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A cross-referencer is a tool that examines the caller-callee relation between predicates, and, using this information to explicate dependency relations between source files, finds calls to non-existing predicates and predicates for which no callers can be found. Cross-referencing is useful during program development, reorganisation, clean-up, porting and other program maintenance tasks. The dynamic nature of Prolog makes the task non-trivial. Goals can be created dynamically using call/1 after construction of a goal term. Abstract interpretation can find some of these calls, but they can also come from external communication, making it impossible to predict the callee. In other words, the cross-referencer has only partial understanding of the program, and its results are necessarily incomplete. Still, it provides valuable information to the developer.
SWI-Prolog's cross-referencer is split into two parts. The standard
library(prolog_xref) is an extensible
library for information gathering described in section
A.34, and the XPCE library
library(pce_xref) provides a
graphical front-end for the cross-referencer described here. We
demonstrate the tool on CHAT80, a natural language question and answer
system by Fernando C.N. Pereira and David H.D. Warren.
The left window (see figure
3) provides browsers for loaded files and predicates. To avoid long
file paths, the file hierarchy has three main branches. The first is the
current directory holding the sources. The second is marked
and below it are the file-search-path aliases (see file_search_path/2
Here you find files loaded from the system as well as modules of the
program loaded from other locations using the file search path. All
loaded files that fall outside these categories are below the last
. Files where the system found
suspicious dependencies are marked with an exclamation mark. This also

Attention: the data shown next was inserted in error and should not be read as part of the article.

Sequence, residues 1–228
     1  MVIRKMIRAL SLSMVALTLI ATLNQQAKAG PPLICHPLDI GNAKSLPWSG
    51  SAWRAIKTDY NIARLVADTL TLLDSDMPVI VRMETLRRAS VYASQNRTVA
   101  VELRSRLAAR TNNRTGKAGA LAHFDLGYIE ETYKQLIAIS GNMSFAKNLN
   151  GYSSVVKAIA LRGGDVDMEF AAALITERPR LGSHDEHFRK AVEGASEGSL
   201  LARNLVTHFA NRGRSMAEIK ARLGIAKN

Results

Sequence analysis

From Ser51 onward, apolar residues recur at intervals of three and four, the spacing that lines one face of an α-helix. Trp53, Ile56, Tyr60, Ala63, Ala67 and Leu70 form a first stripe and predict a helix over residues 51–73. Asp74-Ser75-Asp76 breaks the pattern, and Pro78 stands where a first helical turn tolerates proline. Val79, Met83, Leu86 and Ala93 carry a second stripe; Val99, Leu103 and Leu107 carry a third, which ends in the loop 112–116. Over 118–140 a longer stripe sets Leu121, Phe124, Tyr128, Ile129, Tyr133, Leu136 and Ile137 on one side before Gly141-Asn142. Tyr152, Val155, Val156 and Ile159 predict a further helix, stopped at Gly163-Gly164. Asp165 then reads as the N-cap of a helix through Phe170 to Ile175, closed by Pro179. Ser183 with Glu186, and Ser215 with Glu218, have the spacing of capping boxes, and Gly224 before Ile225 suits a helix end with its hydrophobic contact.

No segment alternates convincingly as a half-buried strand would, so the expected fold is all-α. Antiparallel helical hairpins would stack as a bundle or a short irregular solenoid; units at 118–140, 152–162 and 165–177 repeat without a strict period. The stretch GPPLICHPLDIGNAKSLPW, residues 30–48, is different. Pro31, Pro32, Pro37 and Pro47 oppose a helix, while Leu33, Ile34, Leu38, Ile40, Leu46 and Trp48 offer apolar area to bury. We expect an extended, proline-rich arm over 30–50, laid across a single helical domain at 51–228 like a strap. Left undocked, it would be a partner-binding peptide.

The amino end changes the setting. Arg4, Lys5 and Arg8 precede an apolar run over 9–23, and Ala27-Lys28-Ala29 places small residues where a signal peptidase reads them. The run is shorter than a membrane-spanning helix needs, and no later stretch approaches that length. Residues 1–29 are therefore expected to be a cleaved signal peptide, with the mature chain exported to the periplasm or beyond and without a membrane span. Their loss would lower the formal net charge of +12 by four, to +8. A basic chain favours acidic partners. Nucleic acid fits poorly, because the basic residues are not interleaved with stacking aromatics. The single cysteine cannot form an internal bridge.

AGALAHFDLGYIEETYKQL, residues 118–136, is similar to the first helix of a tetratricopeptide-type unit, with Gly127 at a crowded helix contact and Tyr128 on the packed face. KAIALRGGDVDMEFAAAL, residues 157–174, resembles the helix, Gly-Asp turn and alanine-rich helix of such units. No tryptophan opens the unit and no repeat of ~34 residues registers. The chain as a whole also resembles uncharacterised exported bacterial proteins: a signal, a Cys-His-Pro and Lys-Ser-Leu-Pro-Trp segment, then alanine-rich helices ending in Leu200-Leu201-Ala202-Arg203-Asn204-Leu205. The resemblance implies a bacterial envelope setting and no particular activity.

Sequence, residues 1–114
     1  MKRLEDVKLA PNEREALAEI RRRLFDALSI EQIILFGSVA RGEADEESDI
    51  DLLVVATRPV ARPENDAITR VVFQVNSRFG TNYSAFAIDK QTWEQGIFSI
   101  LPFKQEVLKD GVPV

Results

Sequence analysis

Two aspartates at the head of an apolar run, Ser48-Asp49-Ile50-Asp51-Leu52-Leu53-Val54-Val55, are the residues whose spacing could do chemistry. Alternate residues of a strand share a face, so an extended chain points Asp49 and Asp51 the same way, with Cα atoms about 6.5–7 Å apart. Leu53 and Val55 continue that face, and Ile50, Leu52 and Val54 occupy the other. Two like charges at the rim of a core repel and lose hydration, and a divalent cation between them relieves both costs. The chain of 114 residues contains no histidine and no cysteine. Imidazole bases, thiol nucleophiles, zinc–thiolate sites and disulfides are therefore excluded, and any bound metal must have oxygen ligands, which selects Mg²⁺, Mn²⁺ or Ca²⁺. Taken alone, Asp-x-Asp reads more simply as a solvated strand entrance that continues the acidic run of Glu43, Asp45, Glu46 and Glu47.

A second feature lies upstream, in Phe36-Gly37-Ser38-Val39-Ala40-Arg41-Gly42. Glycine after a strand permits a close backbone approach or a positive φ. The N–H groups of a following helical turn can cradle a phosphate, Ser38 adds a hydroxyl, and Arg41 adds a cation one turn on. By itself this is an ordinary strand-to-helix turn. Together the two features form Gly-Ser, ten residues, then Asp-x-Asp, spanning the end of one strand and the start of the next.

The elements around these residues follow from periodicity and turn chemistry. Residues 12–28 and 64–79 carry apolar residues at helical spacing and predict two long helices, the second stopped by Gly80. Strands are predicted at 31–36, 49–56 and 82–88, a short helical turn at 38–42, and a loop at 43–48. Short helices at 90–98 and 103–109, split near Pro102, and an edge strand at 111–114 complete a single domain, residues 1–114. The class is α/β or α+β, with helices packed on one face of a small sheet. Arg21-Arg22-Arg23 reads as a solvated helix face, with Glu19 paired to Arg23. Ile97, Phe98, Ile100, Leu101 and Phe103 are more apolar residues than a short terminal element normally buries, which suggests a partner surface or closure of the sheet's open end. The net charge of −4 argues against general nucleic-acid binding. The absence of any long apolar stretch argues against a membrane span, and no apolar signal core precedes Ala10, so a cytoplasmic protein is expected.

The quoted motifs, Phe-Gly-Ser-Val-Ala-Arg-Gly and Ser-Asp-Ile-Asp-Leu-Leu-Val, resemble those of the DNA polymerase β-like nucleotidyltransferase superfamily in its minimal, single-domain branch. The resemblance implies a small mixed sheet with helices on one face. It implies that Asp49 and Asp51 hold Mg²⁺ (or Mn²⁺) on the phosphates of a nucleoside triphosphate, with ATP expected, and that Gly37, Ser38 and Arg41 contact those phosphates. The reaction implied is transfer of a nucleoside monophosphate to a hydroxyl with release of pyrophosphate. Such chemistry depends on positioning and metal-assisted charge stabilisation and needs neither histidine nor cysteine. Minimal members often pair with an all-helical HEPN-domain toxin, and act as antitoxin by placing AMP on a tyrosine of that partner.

holds for directories holding such files. Clicking on a file opens a
File info window in the right pane.
The File info window shows a file, its main properties, its undefined and not-called predicates and its import and export relations to other files in the project. Both predicates and files can be opened by clicking on them. The number of callers in a file for a certain predicate is indicated with a blue underlined number. A left-click will open a list and allow editing the calling predicate.
The Dependencies (see figure 4) window displays a graphical overview of dependencies between files. Using the background menu a complete graph of the project can be created. It is also possible to drag files onto the graph window and use the menu on the nodes to incrementally expand the graph. The underlined blue text indicates the number of predicates used in the destination file. Left-clicking opens a menu to open the definition or select one of the callers.
Module and non-module files
The cross-referencer threads module and non-module project files differently. Module files have explicit import and export relations and the tool shows the usage and consistency of the relations. Using the Header menu command, the tool creates a consistent import list for the module that can be included in the file. The tool computes the dependency relations between the non-module files. If the user wishes to convert the project into a module-based one, the Header command generates an appropriate module header and import list. Note that the cross-referencer may have missed dependencies and does not deal with meta-predicates defined in one module and called in another. Such problems must be resolved manually.
The following settings can be controlled from the settings menu: